-Mis-counting chips, not counting down all-in stacks, miss-collecting antes, side pot separation mishaps, miss-split pots, miss reading cards, miss-dealing, letting the game get out of control etc. As mentioned we are all human and mistakes happen but frequent hiccups in a poker game can lead to disaster.
As bad as the dealers can be, sometimes the participants can be even worse. With large sums of money in jeopardy in an extremely emotional game it is easy to understand how tempers can flair. In an ego dominated game where testosterone and beer foam run rampant there are more then a few instances where the dealers are actually the ones taking the bad beat and getting the worst of it.
Top Poker Player Traits That Make A Dealers Job Miserable:
-Acting out of turn. Take your turn in order. It is something we all were taught to do as children. Do not be “that person” that cuts the poker chain of command.
-Blame the dealer for their cards. The dealers are not David Blaine, Lance Burton, Chris Angel or David Copperfield. The cards you are dealt are not the dealers doing.
-Angle shooting. Knowingly taking underhanded shots at players to make the game more uncomfortable and confusing for the rest of the table.
-Break the obvious rules. For example swearing at the table, talking about a live hand without cards, string raising, stalling or any other tactic that deteriorates or distracts from the game.
Interview with a WSOP Dealer
Now that we know about what both sides of the poker table participants should and should not be doing let’s take a moment to take a glimpse into the mind of an actual World Series of Poker Dealer. The subject of this interview is a 3 time WSOP dealer (2006, 2011, 2013), 5 year sportsbook manager, 3 year live cash game pro, longtime Vegas vet and an overall degenerate, dynamite and dynamic individual. A mere 28, Johnny “Jingles” as we will call him is young, full of life, loves poker and is never hesitant to provide an intelligent and comedic perspective as a World Series of Poker Dealer.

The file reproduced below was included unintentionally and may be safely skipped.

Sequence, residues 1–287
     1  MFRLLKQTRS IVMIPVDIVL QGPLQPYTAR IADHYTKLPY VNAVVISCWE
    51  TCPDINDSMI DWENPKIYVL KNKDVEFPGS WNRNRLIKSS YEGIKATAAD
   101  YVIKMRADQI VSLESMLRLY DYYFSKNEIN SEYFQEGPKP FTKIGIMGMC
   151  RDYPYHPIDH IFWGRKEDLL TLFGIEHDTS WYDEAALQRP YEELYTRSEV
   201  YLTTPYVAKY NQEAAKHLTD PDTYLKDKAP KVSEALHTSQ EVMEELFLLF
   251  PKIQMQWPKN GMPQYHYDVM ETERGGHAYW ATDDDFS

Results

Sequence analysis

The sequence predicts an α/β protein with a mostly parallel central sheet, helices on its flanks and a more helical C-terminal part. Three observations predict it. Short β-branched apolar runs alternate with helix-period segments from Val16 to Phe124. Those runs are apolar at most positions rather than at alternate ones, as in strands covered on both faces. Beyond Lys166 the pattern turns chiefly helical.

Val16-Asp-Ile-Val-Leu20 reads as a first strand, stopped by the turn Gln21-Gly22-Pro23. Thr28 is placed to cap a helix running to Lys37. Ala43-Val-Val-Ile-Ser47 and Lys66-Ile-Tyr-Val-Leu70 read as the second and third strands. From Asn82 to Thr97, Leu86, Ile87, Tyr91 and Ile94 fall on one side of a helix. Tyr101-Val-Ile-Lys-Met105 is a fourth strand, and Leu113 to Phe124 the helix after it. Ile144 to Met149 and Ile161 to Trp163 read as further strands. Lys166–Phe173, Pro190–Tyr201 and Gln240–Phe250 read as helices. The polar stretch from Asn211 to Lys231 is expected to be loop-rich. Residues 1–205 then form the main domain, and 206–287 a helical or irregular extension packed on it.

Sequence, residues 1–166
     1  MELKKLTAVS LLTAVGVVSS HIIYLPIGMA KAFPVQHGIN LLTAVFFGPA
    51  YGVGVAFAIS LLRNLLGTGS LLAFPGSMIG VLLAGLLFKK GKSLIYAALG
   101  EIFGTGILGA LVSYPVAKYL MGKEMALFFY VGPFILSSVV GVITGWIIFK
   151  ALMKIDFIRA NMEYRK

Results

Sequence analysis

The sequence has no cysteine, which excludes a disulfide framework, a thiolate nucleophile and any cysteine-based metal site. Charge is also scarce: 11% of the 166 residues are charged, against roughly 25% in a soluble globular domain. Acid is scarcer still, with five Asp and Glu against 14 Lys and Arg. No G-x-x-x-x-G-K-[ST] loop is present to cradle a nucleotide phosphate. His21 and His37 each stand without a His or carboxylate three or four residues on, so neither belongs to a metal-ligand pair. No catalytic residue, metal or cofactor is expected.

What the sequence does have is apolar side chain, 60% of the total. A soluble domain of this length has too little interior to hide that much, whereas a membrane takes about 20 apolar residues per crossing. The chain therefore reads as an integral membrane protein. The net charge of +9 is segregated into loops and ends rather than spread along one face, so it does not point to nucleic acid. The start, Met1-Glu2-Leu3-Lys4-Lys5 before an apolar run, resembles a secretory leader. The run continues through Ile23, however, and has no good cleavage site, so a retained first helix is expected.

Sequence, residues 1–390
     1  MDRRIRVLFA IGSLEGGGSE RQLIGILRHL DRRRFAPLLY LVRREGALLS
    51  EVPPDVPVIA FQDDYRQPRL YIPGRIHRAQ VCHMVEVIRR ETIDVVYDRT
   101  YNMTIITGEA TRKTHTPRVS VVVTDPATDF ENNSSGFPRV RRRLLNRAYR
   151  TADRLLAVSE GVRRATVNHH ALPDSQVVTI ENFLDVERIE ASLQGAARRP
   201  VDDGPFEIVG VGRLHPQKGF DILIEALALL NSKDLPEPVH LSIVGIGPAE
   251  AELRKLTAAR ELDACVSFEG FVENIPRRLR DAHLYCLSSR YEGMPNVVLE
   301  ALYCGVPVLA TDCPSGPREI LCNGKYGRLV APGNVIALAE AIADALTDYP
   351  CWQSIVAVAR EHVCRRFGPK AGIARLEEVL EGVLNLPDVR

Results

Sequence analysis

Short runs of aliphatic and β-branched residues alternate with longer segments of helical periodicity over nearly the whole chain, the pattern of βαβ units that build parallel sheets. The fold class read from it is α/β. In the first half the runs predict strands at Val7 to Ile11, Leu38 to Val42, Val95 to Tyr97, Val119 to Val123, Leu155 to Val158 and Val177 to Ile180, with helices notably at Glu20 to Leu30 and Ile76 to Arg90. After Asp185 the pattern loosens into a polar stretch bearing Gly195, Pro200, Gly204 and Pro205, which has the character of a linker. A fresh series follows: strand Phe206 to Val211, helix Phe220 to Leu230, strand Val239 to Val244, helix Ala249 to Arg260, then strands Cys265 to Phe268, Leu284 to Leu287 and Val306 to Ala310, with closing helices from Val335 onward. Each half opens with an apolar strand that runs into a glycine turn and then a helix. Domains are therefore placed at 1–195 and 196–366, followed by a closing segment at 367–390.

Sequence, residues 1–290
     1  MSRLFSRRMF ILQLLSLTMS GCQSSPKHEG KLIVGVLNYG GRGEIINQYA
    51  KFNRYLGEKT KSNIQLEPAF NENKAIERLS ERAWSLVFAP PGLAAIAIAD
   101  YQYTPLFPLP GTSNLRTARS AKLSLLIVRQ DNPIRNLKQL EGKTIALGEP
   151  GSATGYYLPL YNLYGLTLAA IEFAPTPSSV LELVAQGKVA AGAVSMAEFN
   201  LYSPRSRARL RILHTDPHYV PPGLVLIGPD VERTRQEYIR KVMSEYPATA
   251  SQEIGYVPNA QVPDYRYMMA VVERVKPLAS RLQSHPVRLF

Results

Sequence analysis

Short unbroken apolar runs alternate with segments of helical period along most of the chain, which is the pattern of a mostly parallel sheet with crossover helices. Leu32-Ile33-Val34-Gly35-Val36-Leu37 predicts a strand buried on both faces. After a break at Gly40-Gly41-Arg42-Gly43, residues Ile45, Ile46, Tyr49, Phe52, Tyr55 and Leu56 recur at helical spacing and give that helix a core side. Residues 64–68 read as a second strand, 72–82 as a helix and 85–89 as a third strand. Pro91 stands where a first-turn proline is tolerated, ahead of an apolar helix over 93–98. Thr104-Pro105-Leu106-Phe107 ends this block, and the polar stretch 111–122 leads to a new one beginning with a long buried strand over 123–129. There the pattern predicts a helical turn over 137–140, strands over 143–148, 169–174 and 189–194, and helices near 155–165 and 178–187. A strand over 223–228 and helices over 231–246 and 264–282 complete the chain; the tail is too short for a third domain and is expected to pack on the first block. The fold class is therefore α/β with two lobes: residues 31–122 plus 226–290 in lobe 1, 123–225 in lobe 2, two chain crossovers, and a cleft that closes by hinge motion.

What is the hardest part of being a World Series of Poker dealer?
“Going to work. Nah just kidding. As you know I love dealing cards. The hardest part is probably knowing all of the poker games and formats well and switching through them constantly. Believe it or not, at an event as large and chaotic as the World Series of Poker this is much harder than you would think.”
What is the most annoying player tendency or action?
“Players that drag big cash pots or scoop big tournaments and don’t tip. No in all seriousness tipping is a whole other issue and does not really annoy me either way. What others do with their money is not really my concern and I am a well paid employee. The thing that annoys me most are really the guys that do not remain observant and respectful of the table. I hate having to constantly remind the same player to act when the action is on him because he is lost in his hoodie and a world full of electronic music. Oh also people that think they know everything about poker and dealing. Those people are pretty dumb as well but I usually just refer their pleasantries to the floor.”